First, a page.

fraudster | 

Work-from-home mum blasted as 'useful idiot' by judge over her 'unwitting' role in iPhone sales scam

Palm told the Sunday World she had no idea her new job was a fraud until her account was frozen

Patrick O'Connell

THIS is the work-from-home mum who was branded a 'useful idiot' by a judge over what she claimed was her 'unwitting' role in an iPhone sales scam.

Mariska Palm (31) pleaded guilty to two counts of theft and fraud at Bandon District Court arising from the online scam in which she was recruited to advertise mobile phones on Facebook's 'Marketplace'.

Palm, a native of South Africa, later allowed her bank account details to be used by the masterminds behind the plot and was arrested when two of her customers complained to gardaí they had handed over large sums of money but never received their iPhones.

It later emerged that scammers had been behind these transactions and both individuals lost their money.

Speaking with the Sunday World, Palm claimed she had no idea her new job was a fraud until her account was frozen by the bank.

"I saw the advert for the job online - it was looking for people who wanted to work from home," she told us.

"So, I approached them and they said they would send me the photos and I just had to advertise them online.

"They said I wouldn't have to do much. I just had to tell them (the customers) that these are the people with the phone and to contact them."

Mariska said that the fraud's orchestrators had identified themselves as being part of a reputable business - something she subsequently learned wasn't the case.

"I went online and I checked this company's name and it did exist so I thought it was legitimate. They used this company's name to do this fraud."

Asked how many customers she had dealt with, Mariska replied: "I think I had 20 customers in the four days."

Of this number, two made official complaints to gardaí.

Addressing Bandon District Court, Gda Padraig Walsh explained how, shortly after Palm began working with the fraudsters, she was asked if she would issue refunds using her own personal bank account.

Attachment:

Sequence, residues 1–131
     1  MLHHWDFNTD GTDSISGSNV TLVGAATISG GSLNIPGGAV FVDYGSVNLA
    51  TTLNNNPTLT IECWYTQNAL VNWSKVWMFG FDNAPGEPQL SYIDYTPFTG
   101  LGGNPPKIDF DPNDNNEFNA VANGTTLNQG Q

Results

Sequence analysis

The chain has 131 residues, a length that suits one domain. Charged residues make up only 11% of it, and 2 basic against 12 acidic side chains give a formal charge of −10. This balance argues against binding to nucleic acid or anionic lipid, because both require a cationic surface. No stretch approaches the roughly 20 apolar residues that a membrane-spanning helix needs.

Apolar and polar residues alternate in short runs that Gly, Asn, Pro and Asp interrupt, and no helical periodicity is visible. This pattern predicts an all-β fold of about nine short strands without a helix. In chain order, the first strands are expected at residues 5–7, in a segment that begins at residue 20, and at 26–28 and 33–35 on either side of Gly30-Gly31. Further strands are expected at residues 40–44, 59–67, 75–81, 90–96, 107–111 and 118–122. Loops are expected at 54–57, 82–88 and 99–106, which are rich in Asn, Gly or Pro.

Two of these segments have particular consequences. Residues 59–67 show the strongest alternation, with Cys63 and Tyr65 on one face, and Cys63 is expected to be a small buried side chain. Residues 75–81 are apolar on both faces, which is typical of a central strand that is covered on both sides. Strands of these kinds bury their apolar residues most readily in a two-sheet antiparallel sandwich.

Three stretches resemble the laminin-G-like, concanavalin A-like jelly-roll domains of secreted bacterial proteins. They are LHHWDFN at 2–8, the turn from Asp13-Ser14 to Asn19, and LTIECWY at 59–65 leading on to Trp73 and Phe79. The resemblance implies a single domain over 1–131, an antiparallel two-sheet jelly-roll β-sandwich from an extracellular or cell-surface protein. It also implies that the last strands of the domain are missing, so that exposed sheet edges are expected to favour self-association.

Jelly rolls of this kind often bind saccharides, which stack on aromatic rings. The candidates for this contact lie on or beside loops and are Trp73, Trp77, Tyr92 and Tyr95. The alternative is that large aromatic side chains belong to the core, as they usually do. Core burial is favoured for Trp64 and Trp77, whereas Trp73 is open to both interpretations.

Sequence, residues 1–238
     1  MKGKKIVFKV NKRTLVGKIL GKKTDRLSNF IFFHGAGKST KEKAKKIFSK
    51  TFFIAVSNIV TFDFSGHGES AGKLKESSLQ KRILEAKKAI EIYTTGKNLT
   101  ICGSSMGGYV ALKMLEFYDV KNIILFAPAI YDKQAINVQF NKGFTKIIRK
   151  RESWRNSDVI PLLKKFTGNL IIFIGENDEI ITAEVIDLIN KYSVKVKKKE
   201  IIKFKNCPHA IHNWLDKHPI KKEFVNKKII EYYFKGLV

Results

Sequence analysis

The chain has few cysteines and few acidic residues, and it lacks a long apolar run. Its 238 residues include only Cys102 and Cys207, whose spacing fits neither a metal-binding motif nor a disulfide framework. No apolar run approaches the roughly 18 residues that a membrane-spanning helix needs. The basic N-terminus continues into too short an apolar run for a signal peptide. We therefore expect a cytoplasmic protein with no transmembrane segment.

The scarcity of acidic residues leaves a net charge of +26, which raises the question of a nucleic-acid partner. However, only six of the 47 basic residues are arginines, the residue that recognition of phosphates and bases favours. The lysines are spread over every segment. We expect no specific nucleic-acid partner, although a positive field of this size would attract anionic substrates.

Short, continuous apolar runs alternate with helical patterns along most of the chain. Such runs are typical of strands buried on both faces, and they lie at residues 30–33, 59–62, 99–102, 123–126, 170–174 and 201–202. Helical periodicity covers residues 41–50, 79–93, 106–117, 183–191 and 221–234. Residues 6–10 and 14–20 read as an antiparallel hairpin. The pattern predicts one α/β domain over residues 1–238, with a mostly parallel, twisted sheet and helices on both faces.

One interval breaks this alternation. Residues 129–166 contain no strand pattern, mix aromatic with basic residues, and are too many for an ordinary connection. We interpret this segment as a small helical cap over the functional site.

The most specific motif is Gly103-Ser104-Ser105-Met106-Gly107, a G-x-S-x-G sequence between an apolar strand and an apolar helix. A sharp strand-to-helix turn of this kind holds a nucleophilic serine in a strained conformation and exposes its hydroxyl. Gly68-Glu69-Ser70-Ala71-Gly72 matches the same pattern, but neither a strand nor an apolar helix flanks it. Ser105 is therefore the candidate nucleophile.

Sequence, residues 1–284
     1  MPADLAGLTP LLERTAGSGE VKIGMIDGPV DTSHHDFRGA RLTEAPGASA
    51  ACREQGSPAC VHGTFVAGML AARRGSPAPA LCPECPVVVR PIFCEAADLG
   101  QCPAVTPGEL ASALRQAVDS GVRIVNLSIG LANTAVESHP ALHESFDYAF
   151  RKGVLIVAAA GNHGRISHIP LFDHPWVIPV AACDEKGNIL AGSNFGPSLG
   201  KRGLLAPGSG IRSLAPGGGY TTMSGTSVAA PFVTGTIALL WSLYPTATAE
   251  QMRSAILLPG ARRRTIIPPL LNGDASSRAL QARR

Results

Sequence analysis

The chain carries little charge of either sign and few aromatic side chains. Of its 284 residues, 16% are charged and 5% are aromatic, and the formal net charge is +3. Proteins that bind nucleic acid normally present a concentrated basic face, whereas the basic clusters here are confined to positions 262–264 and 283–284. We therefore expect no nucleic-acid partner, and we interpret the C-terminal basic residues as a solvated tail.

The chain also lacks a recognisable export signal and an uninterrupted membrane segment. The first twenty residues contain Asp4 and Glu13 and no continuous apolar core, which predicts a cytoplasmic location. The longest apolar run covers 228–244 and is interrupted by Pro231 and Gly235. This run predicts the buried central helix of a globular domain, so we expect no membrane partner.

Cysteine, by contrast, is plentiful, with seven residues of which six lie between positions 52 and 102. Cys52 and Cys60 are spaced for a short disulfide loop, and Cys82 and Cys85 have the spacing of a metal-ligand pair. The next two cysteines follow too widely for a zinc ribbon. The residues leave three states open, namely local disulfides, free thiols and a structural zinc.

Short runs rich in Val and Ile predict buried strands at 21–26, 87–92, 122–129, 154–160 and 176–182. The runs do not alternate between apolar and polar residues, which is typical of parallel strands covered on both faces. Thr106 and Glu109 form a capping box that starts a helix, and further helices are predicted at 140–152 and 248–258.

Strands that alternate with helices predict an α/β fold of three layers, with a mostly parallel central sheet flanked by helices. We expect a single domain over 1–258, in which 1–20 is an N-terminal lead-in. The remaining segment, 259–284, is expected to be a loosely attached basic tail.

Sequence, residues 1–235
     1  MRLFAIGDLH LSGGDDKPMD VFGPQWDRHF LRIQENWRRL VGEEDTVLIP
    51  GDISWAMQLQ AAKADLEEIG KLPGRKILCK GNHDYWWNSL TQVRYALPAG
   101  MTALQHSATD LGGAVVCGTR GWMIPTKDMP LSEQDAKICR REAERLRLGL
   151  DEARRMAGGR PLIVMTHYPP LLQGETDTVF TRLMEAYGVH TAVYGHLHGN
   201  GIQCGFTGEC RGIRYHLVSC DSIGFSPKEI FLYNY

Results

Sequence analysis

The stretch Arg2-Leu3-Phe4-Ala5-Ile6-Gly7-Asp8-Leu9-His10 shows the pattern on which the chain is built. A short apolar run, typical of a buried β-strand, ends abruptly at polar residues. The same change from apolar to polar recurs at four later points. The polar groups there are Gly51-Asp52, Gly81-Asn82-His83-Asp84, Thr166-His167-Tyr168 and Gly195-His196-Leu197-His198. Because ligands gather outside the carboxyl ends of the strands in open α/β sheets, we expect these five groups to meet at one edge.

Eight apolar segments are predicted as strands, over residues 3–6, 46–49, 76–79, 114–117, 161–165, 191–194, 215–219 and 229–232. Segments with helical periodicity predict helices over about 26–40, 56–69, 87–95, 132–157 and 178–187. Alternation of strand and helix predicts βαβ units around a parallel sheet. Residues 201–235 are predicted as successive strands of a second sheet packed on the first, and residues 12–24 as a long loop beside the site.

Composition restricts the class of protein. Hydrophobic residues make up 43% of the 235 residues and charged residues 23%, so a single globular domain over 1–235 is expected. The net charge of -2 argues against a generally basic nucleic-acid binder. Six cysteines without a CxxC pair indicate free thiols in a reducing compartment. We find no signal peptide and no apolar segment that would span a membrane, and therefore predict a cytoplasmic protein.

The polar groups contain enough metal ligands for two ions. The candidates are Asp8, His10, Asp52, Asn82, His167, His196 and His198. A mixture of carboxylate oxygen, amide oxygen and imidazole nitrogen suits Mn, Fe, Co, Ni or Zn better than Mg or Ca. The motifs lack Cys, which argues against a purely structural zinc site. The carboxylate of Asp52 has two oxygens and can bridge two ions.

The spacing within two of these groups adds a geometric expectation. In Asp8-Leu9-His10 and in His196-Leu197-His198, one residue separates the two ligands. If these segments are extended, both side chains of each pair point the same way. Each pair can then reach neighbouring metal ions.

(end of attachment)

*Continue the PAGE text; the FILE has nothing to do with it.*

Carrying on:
The fraudsters told her the person who usually did the refunds was on maternity leave and that she would also receive a commission.

"Immediately, sums of money entered her bank account on September 2 last and she was given two bank accounts from the Philippines to where she was to issue the refunds," he said.

The court heard that when she later tried to pay for her groceries she found out that her bank had frozen her account so she then went to Kinsale Garda Station about it.

Following investigations, Gda Walsh found that a Glen Carroll had reported to Ulster Bank that he paid €500 for an iPhone 12 and did not receive it, while another man, Vitali Cojuhari, paid €1,680 for two phones, but never got them.

On October 24 last, Ms Palm made a cautioned statement to Gda Walsh and said she thought it was legitimate to use her own personal bank account.

Judge Roberts said he never heard of a company funnelling money through someone's personal bank account.

"It that doesn't raise a flag of fraud and criminality, I don't know what does,' said Judge Roberts.

"She knew there was a whiff but covered her nose and she's not as innocent as you wish to make her out to be.

"There were just too many red flags here and she should have stopped, but she didn't."

Judge Colm Roberts said the facts were proven and handed her a conditional discharge for one year.

Addressing the judge's comments, Palm said she was "not happy.

"We came from South Africa to make a living and I just wanted a job at home because I have children.

"This was a whole new environment for us.

"And I have got a bad name now.

"I wasn't happy with what the judge said.

"I felt belittled.

"The way he said to me I was a useful idiot and all that stuff … it was bothering me.

"I was sitting in my car for half an hour afterwards. I couldn't drive.

"In South Africa people are not as clued up about this type of crime as people are here.

"When I was coming to Ireland, people said there's no crime.

"That's why I didn't see any red flags … not until the stuff hit the fan.

"I never made any money from this.

"I was a victim as well and that's what my solicitor tried to explain to the judge.

"Like I said to my husband, I've never even been to the principal's office, I've never been to jail, I've never been to a police station for any reason and now this happens to me!

"I asked the guards whether they thought they'd catch the people who did this to me but they said, to be honest, they're never going to be caught because they're too clued up in what they are doing.

"But after me, how many other people are caught up in a scam like this?" Palm asked.

Today's Headlines

More Courts

Download the Sunday World app

Now download the free app for all the latest Sunday World News, Crime, Irish Showbiz and Sport. Available on Apple and Android devices

WatchMore Videos